PA GOP STRATEGY MEMO: Failed Obama Agenda Continues To Set Up Big Republican Wins

To: Interested Parties
From: Mike Barley, PA GOP Executive Director
Date: November 16, 2011
Subject: Failed Obama Agenda Continues To Set Up Big Republican Wins

If the outcomes of the 2009, 2010 and 2011 elections serve as a forecast for next year’s presidential election, President Barack Obama should be very concerned about his re-election campaign in the Keystone State. Thanks to President Obama’s failed economic agenda, Pennsylvania voters are embracing Republican candidates who will stand and fight against the failed Obama policies.

Tuesday’s elections should serve as a rallying point for Republicans as well as the latest in a string of wake-up calls for President Obama’s re-election campaign and the Democrat Party. For Democrat candidates who ran in 2011, Obama’s failed policies made for disastrous politics. By tying Democratic candidates to the President’s policies directly, relating big government Obama style plans to similar local programs and using candidates’ past support for this unpopular President, Obama played a central and critical factor in each one of our victories.

At the statewide level, despite a significant statewide voter registration disadvantage of more than 1.2 million voters, Republican Anne Covey defeated Democrat Kathryn Boockvar in her 2011 bid for Commonwealth Court, winning with 52.4% of the vote. In terms of fundraising, Covey and her opponent were evenly matched, but our campaign operation and a favorable environment put Covey over the top in an odd-year election where turnout hovered around 23% statewide.

Republican candidate for Superior Court Vic Stabile lost his bid for Superior Court only because of a late $300,000 contribution from Philadelphia trial lawyers that unfairly tilted the campaign war chest to the Democrats by a 2-1 margin. Covey’s win is a clear indicator that all when all factors are equal, President Obama’s Democrat Party is a liability for candidates running in Pennsylvania. In the Superior Court race, Democrats had to spend significant dollars to compensate for their party’s toxic brand.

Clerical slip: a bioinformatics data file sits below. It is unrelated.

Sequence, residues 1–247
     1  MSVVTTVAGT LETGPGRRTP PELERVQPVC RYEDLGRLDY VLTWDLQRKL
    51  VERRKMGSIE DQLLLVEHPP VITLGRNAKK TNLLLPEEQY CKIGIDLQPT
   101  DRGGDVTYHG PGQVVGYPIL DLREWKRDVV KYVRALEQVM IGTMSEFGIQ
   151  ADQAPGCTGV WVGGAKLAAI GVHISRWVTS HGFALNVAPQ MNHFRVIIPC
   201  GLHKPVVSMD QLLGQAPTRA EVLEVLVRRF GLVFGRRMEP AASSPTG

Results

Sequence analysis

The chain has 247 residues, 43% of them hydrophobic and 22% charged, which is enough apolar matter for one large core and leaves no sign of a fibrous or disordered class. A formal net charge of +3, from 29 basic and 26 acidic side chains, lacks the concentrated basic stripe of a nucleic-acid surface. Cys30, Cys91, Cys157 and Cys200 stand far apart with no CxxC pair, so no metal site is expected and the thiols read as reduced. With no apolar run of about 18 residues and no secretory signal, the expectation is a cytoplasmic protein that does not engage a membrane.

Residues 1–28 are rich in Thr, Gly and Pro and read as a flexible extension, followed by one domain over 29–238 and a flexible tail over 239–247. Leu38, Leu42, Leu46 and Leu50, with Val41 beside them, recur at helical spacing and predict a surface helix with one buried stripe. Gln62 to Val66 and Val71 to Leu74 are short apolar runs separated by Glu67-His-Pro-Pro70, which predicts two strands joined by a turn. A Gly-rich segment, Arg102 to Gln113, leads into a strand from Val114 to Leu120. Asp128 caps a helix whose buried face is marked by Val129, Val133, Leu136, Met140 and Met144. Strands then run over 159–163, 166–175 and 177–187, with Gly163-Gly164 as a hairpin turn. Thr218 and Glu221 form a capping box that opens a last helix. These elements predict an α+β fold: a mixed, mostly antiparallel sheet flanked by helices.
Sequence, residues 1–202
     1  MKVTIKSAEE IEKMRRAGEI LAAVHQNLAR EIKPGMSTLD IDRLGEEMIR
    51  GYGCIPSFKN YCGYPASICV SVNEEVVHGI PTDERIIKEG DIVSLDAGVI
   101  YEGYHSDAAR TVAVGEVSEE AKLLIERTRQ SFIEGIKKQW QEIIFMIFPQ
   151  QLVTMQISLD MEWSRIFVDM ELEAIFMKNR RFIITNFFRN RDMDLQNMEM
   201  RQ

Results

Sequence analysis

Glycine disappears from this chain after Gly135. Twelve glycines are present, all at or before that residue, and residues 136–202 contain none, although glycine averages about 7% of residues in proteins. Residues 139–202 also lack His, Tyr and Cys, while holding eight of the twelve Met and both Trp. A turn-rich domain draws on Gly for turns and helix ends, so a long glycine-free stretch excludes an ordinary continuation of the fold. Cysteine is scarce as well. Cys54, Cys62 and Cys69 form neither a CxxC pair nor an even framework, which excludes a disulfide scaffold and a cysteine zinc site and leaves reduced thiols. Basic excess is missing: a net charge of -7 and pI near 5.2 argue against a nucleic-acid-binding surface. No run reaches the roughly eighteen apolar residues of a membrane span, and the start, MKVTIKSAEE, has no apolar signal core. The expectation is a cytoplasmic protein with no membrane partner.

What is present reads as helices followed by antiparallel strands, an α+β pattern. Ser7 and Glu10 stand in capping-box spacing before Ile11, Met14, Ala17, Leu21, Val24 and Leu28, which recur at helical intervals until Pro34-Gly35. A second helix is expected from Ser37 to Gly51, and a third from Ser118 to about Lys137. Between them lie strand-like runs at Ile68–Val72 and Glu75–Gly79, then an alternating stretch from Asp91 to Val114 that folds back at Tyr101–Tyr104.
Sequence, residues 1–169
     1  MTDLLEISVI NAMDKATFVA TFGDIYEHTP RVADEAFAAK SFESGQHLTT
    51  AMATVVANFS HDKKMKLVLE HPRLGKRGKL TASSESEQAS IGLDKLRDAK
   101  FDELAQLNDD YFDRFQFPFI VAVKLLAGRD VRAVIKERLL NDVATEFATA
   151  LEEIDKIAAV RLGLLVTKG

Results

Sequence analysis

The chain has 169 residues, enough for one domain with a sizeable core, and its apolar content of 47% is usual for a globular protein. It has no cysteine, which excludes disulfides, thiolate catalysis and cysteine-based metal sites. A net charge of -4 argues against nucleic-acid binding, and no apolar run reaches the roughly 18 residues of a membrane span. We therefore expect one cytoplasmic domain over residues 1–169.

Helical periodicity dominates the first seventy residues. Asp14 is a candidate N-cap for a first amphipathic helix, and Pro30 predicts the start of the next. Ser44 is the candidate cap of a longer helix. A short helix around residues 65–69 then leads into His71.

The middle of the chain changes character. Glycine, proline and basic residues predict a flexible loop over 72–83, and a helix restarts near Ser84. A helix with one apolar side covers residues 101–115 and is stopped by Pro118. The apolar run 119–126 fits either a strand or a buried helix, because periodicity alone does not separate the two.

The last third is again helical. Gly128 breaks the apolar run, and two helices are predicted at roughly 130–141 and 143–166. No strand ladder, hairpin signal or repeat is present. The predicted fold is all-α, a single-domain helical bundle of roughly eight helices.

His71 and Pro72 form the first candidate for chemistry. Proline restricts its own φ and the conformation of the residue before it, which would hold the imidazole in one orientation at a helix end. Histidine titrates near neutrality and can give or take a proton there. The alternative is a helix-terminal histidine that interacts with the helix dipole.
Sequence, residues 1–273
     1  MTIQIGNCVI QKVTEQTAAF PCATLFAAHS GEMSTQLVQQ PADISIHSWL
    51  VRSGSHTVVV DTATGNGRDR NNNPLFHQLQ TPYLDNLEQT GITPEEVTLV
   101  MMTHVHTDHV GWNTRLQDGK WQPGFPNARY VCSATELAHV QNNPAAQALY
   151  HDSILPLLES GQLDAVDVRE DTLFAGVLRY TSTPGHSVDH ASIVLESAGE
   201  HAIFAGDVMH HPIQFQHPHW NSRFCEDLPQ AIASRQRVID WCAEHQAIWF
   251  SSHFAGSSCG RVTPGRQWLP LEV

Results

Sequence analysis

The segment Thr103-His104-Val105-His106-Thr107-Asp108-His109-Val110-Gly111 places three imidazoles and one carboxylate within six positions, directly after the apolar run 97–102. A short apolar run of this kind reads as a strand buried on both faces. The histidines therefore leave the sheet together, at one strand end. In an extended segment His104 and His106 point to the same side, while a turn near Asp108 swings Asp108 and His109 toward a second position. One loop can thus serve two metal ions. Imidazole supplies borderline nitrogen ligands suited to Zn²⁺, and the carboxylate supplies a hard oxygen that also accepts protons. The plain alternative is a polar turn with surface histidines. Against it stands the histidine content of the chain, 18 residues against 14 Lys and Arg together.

In 2011, the more interesting implications occurred at the local level, where Republicans took 13 courthouses out of Democrat control, expanding the majority of Republican-controlled courthouses to 75%, from 40 in 2007 to 51 today (see figure 1 and figure 2).

Figure 1:

Figure 2:

The following county commissioner candidates were victorious:

  • Doug McLinko, Daryl Miller — Bradford County
  • Mark Wissinger, Doug Lengenfelder — Cambria County
  • Wayne Nothstein, Thomas Gerhard — Carbon County
  • Steve Dershem, Chris Exarchos — Centre County
  • Jeffrey Snyder, Pete Smeltz — Clinton County
  • Dan Freeburg, Janis Kemmer — Elk County
  • Basil Huffman, Norman Wimer — Forest County
  • Dan Vogler, Bob Del Signore – Lawrence County
  • Matt McConnell, John Lechner — Mercer County
  • John Moyer, Charles Garris — Monroe County
  • Frank Staudenmeier, George Halcovage — Schuylkill County
  • Mike Giangriego, Alan Hall — Susquehanna County
  • Chuck Anderson, Tyler Courtney — Westmoreland County

Nine of these wins occurred in “blue” counties where Democrats have a registration advantage — Cambria, Carbon, Centre, Clinton, Elk, Lawrence, Mercer, Monroe and Westmoreland. Only four of the counties we picked up — Bradford, Forest, Schuylkill and Susquehanna — have a Republican registration advantage. In all of these counties we witnessed Republicans, Independents and even Democrats rejecting Democratic candidates, their big government agenda and President Obama, proving that great Republican candidates can compete and win even in the Democratic counties in the Commonwealth.